Omari makes acting debut in 'Confessions'
Gospel artiste Omari has made his acting debut in a new locally produced play called Confessions. The artiste, who has written books and even took part in a gospel sound clash in the past, says acting is a new occupation which he wants to add to his ever-growing résumé.
"I love the experience and I think I want to take it even further. I don't want this to be the first and the last because I am willing to take on any challenge, that's just who Omari is," the singer said.
Confessions was written by David Tulloch, directed by veteran comedian/actor Michael 'Stringbeans' Nicholson and produced by Winter Storm production. Other notable actors who take part in the plot are Maxwell 'Bashy' Grant, Akeem Forrester, David Crosskill, among others.
Confessions opened at the Green Gables Theatre on September 13 to a full house, and will continue until the end of this month, with shows on Fridays, Saturdays and Sundays at the same location.
According to Omari, the early support from fans of local plays has been encouraging. He also told The Sunday Gleaner that he is satisfied with his performance, despite not having prior acting experience.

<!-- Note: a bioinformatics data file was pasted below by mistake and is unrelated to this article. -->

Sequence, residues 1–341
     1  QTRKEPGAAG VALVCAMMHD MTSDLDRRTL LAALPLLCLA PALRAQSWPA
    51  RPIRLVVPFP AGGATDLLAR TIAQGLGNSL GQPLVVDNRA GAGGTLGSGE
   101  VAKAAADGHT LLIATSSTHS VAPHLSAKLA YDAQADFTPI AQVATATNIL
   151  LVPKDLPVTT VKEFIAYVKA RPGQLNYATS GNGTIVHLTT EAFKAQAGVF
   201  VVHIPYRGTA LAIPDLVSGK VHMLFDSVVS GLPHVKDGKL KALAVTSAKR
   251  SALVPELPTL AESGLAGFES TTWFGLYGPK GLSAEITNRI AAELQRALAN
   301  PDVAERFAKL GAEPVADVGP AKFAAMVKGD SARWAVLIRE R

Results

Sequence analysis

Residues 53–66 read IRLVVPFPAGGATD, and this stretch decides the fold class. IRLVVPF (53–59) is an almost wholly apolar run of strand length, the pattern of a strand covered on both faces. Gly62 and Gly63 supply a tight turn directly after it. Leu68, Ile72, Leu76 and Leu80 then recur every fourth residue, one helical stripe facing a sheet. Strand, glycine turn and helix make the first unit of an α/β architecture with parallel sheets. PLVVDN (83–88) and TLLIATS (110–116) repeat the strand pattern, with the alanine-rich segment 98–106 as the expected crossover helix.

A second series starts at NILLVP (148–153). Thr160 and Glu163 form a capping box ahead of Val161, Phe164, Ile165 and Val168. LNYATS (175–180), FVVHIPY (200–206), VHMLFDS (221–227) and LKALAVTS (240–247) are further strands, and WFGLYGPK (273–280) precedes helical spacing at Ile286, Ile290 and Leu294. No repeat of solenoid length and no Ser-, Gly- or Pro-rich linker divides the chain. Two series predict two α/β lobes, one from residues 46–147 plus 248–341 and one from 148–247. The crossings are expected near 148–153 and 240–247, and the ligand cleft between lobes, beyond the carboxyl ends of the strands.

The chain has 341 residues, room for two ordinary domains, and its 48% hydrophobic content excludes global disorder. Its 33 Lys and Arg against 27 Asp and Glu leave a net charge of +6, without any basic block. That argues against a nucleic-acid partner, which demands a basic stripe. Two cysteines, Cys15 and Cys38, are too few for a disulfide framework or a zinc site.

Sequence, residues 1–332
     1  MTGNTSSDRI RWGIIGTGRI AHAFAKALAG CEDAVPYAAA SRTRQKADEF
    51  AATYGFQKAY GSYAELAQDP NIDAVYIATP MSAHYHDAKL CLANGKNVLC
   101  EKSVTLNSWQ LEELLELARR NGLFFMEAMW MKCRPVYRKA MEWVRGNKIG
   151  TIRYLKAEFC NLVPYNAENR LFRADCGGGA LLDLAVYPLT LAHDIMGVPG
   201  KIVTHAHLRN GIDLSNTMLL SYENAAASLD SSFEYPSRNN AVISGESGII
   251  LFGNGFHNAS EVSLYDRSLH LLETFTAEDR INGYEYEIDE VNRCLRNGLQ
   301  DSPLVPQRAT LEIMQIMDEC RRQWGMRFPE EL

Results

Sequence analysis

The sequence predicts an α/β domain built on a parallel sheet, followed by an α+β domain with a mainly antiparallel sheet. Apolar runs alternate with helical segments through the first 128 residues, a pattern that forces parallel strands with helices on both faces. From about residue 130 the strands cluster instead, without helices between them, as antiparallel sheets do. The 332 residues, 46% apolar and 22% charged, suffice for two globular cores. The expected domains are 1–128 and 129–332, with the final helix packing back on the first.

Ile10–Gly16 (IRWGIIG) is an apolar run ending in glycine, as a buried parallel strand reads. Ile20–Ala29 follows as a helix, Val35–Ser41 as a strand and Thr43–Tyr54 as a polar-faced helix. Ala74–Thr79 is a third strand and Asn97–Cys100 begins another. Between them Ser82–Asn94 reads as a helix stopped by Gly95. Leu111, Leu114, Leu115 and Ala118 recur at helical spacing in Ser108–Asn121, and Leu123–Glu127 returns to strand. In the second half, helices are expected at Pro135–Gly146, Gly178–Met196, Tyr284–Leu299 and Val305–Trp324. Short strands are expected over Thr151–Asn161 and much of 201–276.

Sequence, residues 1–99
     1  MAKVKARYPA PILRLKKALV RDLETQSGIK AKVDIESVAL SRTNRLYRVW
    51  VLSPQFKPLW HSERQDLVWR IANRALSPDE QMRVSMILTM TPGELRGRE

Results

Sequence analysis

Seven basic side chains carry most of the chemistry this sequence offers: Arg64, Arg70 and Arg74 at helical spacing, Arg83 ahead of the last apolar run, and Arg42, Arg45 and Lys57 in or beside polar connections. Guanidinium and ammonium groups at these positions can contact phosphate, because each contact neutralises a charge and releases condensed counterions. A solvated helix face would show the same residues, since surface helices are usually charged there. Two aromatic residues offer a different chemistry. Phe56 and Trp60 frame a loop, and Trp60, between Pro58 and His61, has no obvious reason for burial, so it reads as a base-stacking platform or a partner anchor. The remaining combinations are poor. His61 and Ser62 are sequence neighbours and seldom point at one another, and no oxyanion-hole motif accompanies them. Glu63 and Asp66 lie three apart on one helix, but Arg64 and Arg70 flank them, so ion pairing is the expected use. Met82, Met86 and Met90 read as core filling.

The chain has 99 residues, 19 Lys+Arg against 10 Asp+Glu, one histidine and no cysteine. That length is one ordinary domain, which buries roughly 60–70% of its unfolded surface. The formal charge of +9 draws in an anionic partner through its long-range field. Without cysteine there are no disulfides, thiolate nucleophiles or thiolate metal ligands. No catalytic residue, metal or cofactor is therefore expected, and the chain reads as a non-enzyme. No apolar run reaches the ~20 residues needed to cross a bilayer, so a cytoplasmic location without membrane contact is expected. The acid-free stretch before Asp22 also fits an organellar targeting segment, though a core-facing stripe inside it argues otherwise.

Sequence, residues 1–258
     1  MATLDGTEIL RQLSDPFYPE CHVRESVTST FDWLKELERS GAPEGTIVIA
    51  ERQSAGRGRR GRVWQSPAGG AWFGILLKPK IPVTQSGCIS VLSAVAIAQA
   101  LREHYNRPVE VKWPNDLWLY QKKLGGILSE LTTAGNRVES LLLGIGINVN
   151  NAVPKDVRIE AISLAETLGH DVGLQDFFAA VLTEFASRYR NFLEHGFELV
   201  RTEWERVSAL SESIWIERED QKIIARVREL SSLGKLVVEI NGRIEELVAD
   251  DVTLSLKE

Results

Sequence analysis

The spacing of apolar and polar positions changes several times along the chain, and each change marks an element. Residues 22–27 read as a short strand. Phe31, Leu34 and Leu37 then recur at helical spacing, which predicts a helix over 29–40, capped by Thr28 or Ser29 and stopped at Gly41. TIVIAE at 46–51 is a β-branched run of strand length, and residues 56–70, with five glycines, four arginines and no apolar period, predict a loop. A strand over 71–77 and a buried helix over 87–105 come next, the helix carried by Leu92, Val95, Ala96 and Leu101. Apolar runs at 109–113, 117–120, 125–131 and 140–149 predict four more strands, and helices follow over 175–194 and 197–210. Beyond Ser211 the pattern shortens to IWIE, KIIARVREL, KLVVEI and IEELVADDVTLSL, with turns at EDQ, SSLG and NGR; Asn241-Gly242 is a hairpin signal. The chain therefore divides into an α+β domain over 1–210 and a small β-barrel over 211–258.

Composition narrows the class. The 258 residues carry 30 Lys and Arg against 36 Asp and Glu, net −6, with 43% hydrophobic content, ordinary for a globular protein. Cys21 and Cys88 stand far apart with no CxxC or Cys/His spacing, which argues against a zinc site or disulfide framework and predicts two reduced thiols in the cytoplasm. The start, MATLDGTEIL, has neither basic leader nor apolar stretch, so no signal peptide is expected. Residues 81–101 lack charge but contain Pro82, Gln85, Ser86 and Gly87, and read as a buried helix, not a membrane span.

"The opening night was great ... very, very great and the persons who came out thoroughly enjoyed it. When I was there, and to see the persons enjoying themselves, was definitely heart-warming," he said.
The artiste also admitted that it takes more discipline and effort to execute an acting role than to perform onstage as a recording artiste. While not appearing to be ready to give up his day job in order to become a full-time actor, the gospel artiste expressed pride at being given the opportunity to dabble in another aspect of the performing arts.
"I have developed a totally different respect for actors, because now I realise the level of work that goes into the final product. You have to learn the script, you have to understand the script, learn you lines and then you have to become your character. So it's a whole lot, it's not as simple as learning a song and singing it. You have to be able to hold a character and learn to hold that character consistently ... so even if Omari has a different personality, I have to hold the character I am playing at all times," he said.
The artiste says Confessions is clean, and can be viewed by the entire family. He is also encouraging persons to support the play, citing that the $1,000 admission charge is worth the entertainment value. Tickets for the play will be sold at the venue.
Following this month's showcase at Green Gables Theatre, Confessions will embark on an islandwide tour before eventually moving on to venues in the United States and the United Kingdom.